LINCOLNSHIRE OCTOBER 2020
AUNSBY, SWARBY, NEWTON & PICKWORTH
We left Ropsley and headed onwards in bright sunshine. This Lincolnshire churchcrawl was proving to be a very pleasant one. It was good to be able to get out again, and it was a case of making the most of the chance with a second English lockdown being talked about; and coming to pass a few days later.
The weather was glorious; there was hardly a cloud in the sky, still pleasantly warm, and it was good to be able to escape from things for a few hours. My version of an ostrich burying its head in the sand I daresay but these trips out were an important part of my own coping mechanism; so, so be it!
I had done a little internet research during the previous few days and there were three churches liable to be open; which I had planned for the afternoon. The first of these was Aunsby, a small village which can be found on the A15 a few miles from Sleaford. This was a re-visit; having previously braved the A15 on cycle a few years before; not something that I would recommend to anyone!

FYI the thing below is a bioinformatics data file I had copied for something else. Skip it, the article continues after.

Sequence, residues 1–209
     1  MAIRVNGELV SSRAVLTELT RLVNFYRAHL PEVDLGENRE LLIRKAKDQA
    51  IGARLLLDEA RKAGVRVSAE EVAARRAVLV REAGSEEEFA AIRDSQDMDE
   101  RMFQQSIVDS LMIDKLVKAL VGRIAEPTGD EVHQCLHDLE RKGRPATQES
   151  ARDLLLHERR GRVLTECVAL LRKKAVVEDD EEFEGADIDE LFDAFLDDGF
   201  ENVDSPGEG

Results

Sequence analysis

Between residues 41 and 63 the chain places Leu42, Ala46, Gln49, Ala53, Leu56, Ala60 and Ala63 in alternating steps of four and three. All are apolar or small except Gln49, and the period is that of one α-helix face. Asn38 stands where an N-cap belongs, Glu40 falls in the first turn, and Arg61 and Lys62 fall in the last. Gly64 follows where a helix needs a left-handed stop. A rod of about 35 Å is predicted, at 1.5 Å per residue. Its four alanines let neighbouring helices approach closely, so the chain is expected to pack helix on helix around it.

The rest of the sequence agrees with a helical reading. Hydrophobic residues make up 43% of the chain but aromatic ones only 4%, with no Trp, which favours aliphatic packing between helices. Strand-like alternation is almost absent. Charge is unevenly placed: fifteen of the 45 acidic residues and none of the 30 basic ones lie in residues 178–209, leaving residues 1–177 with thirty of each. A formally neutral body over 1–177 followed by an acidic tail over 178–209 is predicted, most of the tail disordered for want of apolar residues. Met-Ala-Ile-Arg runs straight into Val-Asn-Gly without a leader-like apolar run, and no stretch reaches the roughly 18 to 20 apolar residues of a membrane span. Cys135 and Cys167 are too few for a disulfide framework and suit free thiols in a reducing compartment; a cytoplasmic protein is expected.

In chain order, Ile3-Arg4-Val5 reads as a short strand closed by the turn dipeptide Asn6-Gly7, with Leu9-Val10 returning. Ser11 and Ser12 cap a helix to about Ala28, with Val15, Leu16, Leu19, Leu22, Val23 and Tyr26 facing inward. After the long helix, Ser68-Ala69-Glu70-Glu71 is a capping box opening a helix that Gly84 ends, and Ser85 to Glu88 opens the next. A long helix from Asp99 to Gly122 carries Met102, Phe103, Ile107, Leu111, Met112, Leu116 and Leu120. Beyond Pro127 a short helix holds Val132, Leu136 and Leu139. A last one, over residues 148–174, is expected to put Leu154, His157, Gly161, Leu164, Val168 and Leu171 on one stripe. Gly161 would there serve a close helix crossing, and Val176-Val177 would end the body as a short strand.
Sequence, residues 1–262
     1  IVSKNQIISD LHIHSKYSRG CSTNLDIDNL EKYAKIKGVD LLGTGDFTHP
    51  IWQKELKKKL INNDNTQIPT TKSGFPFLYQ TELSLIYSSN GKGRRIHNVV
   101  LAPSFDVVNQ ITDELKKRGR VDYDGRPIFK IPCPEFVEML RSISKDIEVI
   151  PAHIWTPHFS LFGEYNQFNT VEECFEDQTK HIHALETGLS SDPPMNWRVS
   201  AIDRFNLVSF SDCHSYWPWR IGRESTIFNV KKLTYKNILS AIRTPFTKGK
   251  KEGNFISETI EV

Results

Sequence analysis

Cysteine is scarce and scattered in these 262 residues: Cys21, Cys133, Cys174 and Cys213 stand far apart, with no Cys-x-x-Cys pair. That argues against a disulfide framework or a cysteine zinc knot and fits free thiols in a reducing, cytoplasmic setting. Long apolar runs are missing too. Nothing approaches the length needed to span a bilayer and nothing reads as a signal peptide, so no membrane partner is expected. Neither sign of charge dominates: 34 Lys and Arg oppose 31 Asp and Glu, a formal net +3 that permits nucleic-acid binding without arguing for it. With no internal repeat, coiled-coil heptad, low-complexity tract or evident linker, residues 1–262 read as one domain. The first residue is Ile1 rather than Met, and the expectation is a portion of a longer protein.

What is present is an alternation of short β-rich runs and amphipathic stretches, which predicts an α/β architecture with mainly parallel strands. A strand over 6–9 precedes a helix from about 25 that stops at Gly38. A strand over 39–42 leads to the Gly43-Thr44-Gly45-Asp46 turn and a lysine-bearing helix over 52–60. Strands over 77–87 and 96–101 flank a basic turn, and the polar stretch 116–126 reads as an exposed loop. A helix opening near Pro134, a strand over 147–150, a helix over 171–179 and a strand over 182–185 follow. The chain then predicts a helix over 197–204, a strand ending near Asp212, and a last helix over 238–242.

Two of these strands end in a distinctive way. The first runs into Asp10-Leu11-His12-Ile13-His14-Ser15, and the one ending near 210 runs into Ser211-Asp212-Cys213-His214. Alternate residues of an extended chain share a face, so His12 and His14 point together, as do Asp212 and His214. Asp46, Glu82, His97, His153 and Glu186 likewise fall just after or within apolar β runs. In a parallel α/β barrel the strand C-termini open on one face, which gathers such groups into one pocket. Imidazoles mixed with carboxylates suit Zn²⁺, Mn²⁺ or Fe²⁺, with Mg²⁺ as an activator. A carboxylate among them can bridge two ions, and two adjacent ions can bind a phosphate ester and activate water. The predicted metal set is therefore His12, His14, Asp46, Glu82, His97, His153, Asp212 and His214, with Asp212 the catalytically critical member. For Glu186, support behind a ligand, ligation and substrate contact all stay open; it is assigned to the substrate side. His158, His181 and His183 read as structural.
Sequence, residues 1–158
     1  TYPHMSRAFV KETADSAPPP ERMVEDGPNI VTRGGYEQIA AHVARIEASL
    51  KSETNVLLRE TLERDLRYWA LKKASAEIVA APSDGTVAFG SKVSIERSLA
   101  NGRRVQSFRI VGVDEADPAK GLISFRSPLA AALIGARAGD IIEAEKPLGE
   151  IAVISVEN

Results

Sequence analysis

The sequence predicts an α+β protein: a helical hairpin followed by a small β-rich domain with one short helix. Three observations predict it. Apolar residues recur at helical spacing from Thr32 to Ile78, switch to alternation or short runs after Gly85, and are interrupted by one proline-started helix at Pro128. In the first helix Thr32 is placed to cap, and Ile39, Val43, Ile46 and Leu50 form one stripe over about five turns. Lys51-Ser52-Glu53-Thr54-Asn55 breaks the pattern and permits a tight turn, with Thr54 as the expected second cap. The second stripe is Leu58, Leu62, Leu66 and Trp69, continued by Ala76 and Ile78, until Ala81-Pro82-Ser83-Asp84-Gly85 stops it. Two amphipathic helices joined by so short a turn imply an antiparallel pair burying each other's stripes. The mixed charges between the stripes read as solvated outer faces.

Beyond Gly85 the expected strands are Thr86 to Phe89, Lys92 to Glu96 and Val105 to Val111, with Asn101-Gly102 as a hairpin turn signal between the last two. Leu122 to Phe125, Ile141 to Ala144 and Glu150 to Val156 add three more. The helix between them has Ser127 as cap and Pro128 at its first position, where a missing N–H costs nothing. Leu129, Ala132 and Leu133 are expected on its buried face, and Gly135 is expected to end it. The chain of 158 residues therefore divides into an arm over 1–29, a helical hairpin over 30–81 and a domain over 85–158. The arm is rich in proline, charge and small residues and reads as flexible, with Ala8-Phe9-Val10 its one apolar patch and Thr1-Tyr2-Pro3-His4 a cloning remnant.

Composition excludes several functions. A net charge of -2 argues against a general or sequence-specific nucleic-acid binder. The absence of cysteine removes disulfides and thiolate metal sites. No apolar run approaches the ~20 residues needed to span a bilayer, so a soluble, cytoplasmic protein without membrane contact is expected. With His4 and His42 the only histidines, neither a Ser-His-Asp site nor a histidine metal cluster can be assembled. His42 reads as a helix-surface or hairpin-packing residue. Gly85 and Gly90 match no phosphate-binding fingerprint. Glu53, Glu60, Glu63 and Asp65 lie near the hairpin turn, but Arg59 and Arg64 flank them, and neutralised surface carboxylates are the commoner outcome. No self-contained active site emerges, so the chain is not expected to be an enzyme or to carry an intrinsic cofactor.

The Church of St Thomas A Beckett, Aunsby.
The church of St Thomas A Beckett sits immediately to the side of the main road. The hand gate leading to the south porch had the ‘church open’ sign out. It was good to see this church again. It was really quiet! A single lady walking her dog passed by and we exchange pleasantries; her dog said hello in an excited, over friendly manner but apart from that there was not a soul to be seen.
The church here is a pleasant affair of west tower, nave with north and south aisles, chancel and south porch. The earliest parts of the church date back to the 12th century. The west tower is square and heavily buttressed, with a lovely broache spire. The church here was heavily restored in the early 1860’s, and at that time the spire and tower were taken down and rebuilt using the same materials.